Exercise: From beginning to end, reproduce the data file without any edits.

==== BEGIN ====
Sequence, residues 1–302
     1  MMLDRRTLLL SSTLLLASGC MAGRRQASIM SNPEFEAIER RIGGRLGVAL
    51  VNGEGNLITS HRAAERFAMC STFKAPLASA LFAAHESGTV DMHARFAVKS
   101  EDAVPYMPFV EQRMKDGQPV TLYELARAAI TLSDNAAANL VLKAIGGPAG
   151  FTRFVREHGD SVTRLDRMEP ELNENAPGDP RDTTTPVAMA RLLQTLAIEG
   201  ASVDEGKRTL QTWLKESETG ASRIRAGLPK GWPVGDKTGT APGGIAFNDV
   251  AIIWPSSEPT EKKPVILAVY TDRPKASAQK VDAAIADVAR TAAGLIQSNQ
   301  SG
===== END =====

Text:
Sequence, residues 1–302
     1  MMLDRRTLLL SSTLLLASGC MAGRRQASIM SNPEFEAIER RIGGRLGVAL
    51  VNGEGNLITS HRAAERFAMC STFKAPLASA LFAAHESGTV DMHARFAVKS
   101  EDAVPYMPFV EQRMKDGQPV TLYELARAAI TLSDNAAANL VLKAIGGPAG
   151  FTRFVREHGD SVTRLDRMEP ELNENAPGDP RDTTTPVAMA RLLQTLAIEG
   201  ASVDEGKRTL QTWLKESETG ASRIRAGLPK GWPVGDKTGT APGGIAFNDV
   251  AIIWPSSEPT EKKPVILAVY TDRPKASAQK VDAAIADVAR TAAGLIQSNQ
   301  SG